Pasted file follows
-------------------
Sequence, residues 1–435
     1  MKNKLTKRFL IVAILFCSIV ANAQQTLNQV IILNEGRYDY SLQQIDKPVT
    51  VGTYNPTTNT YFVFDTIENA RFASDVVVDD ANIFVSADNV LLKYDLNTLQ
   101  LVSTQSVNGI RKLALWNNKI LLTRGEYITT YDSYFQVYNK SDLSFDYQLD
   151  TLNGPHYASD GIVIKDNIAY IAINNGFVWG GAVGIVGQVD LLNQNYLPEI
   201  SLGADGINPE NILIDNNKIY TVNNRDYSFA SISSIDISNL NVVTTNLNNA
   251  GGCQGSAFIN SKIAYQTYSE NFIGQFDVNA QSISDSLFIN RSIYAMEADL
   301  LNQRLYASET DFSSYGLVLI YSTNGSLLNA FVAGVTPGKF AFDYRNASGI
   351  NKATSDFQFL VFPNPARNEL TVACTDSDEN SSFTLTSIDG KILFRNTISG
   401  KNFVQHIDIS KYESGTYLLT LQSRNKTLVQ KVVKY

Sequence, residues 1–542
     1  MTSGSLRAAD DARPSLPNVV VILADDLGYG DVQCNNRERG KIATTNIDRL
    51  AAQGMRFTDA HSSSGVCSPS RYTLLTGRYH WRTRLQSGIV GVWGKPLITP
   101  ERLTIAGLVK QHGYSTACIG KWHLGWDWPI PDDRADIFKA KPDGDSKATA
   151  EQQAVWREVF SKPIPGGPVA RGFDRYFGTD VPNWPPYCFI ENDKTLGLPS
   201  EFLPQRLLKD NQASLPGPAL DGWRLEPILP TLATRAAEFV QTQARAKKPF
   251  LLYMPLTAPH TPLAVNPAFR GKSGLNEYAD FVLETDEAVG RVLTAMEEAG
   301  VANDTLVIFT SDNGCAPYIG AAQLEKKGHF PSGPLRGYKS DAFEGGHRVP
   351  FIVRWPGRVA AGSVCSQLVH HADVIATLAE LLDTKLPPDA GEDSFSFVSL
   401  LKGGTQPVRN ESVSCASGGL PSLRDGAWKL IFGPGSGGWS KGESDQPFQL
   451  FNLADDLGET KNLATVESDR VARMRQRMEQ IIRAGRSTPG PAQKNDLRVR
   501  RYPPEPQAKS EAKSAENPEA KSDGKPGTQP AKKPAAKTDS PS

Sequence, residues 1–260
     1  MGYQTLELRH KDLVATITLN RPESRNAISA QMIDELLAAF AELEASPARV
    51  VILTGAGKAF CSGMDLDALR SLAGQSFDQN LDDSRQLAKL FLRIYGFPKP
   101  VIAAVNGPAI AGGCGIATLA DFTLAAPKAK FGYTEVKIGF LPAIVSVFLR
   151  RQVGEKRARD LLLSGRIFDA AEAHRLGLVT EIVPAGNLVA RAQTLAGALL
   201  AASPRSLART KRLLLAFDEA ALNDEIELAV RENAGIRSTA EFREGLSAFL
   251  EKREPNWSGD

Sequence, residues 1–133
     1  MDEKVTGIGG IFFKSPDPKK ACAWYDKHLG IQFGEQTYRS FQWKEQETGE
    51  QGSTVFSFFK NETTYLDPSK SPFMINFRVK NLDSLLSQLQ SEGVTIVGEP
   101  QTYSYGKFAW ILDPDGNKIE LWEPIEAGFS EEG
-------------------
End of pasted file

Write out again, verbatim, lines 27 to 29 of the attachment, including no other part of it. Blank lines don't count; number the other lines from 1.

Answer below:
   151  RQVGEKRARD LLLSGRIFDA AEAHRLGLVT EIVPAGNLVA RAQTLAGALL
   201  AASPRSLART KRLLLAFDEA ALNDEIELAV RENAGIRSTA EFREGLSAFL
   251  EKREPNWSGD